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Edited by Jeffrey H. Cohen and Ibrahim Sirkeci

Capturing the important place and power role that culture plays in the decision-making process of migration, this Handbook looks at human movement outside of a vacuum; taking into account the impact of family relationships, access to resources, and security and insecurity at both the points of origin and destination.
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Jeffrey H. Cohen and Ibrahim Sirkeci

Despite the debates and an ever expanding literature, migration remains an exceptional process that has long interested scholars (Spencer 2011: 6). Yet, despite ongoing debates and improved theories, much of the research on contemporary migration continues to echo Ravenstein’s laws of migration (1889) and emphasise the economic logic of mobility. And while the economic foundation of migration and migration decision-making is a critical element if we are to understand human mobility, it is not the only or potentially the most important of drivers. There is a myriad of influences beyond jobs and wages as noted in the literature (e.g. De Jong and Graefe 2008; Fussell and Massey 2004). Humans move for many reasons, and perhaps the most important point we make in this collection is also the most simple: culture (of migration) matters. The decisions that movers make are founded in culture and social practice and over time, patterns emerge in a population’s sojourns. The patterns that come to characterise migration pathways are defined in the discussions that movers and potential movers have with their families and friends and determined by their access to resources as well as the securities and insecurities that are present at points of origin and destination (Cohen and Sirkeci 2011, 2016; Sirkeci 2009).

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Amy Carattini

The analysis presented here of highly skilled migrants (HSMs) in the US is anchored in a cultural model of migration that reveals how human dynamics are embedded in global realities. Because HSMs are categorized by geographic location of birth when they enter the US; policy makers, state organizations, and other institutions that focus on country of origin often neglect the continued movements that stratify HSMs’ careers. Based on the accepted assumption that social and cultural forces at the macro and micro levels shape individual perceptions, choices and opportunities, the focus of this research is on career trajectories that traverse changing cultures, populations, and institutional contexts.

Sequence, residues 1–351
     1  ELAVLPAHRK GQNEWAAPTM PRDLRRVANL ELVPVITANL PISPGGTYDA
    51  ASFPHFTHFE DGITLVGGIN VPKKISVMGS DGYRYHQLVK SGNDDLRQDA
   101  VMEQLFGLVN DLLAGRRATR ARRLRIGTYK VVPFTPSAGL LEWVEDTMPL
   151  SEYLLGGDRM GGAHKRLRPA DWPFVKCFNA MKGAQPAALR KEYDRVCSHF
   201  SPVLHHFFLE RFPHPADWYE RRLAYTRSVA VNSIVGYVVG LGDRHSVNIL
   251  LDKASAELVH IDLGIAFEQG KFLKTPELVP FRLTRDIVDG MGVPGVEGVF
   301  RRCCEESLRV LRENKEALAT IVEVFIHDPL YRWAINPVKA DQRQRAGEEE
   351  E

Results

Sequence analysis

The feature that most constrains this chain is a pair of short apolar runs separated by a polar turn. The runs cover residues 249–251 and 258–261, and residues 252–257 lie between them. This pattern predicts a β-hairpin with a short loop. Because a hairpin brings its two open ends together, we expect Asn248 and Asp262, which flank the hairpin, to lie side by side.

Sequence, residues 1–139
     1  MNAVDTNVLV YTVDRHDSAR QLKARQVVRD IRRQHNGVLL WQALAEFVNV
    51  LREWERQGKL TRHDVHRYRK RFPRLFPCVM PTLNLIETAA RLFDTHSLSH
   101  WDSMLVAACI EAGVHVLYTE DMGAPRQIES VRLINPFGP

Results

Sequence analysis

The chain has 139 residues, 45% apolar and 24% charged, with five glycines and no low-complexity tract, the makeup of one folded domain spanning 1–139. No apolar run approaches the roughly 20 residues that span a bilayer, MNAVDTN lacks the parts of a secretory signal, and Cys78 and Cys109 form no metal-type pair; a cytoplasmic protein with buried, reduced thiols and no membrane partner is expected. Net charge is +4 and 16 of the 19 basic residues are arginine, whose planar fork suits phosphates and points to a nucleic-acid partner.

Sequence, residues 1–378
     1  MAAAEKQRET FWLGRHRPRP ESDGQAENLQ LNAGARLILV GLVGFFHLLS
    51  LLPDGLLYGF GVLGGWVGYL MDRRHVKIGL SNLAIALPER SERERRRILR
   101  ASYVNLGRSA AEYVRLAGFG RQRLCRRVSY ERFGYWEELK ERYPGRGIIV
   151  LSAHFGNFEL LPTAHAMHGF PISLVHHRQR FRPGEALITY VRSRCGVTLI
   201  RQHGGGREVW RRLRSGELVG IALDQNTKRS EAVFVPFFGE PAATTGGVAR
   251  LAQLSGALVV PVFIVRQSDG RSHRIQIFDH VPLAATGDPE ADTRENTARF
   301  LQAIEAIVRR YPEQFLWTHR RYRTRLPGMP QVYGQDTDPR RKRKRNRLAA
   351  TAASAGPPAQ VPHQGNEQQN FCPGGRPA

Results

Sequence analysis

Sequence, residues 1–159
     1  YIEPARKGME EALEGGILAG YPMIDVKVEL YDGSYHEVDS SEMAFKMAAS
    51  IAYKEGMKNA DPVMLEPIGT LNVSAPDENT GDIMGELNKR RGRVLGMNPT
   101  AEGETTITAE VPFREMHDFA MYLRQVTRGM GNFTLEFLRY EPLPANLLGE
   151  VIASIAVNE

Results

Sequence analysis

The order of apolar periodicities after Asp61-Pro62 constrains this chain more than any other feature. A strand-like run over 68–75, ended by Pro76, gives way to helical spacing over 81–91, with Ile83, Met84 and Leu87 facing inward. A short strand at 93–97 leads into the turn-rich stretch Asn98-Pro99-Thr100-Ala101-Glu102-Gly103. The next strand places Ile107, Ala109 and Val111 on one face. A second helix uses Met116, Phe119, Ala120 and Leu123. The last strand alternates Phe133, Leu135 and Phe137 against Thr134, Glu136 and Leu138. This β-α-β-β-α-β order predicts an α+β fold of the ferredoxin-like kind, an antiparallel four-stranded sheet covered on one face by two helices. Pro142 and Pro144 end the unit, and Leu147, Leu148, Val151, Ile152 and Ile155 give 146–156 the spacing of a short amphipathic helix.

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Edited by Philip McCann and Tim Vorley

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Edited by Jeffrey H. Cohen and Ibrahim Sirkeci

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Productivity and the Pandemic

Challenges and Insights from Covid-19

Edited by Philip McCann and Tim Vorley

This forward-thinking book examines the potential impacts of the Covid-19 pandemic on productivity. Productivity and the Pandemic features 21 chapters authored by 46 experts, examining different aspects of how the pandemic is likely to impact on the economy, society and governance in the medium- and long-term. Drawing on a range of empirical evidence, analytical arguments and new conceptual insights, the book challenges our thinking on many dimensions. With a keen focus on place, firms, production factors and institutions, the chapters highlight how the pre-existing challenges to productivity have been variously exacerbated and mitigated by the pandemic and points out ways forward for appropriate policy thinking in response to the crisis.
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Nia C. Parson

This chapter argues more attention must be paid to the aetiologies of resilience among migrants in the face of violence. I highlight the capacities of individuals and communities to thrive in the face of adversity and note that identifying aetiologies of resilience demands attention to how forms of violence are perpetuated and become embodied. Illustrating my argument with data from my research on migration and health, I show that gender-based intimate partner violence is the glue that connects various forms of violence, distress, disorder, struggle, endurance and resilience for Mexican immigrant women in the US.

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Edited by Jonathan Crush, Bruce Frayne and Gareth Haysom

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Edited by Jonathan Crush, Bruce Frayne and Gareth Haysom

The ways in which the rapid urbanization of the Global South is transforming food systems and food supply chains, and the food security of urban populations is an often neglected topic. This international group of authors addresses this profound transformation from a variety of different perspectives and disciplinary lenses, providing an important corrective to the dominant view that food insecurity is a rural problem requiring increases in agricultural production.
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Edited by Carey Curtis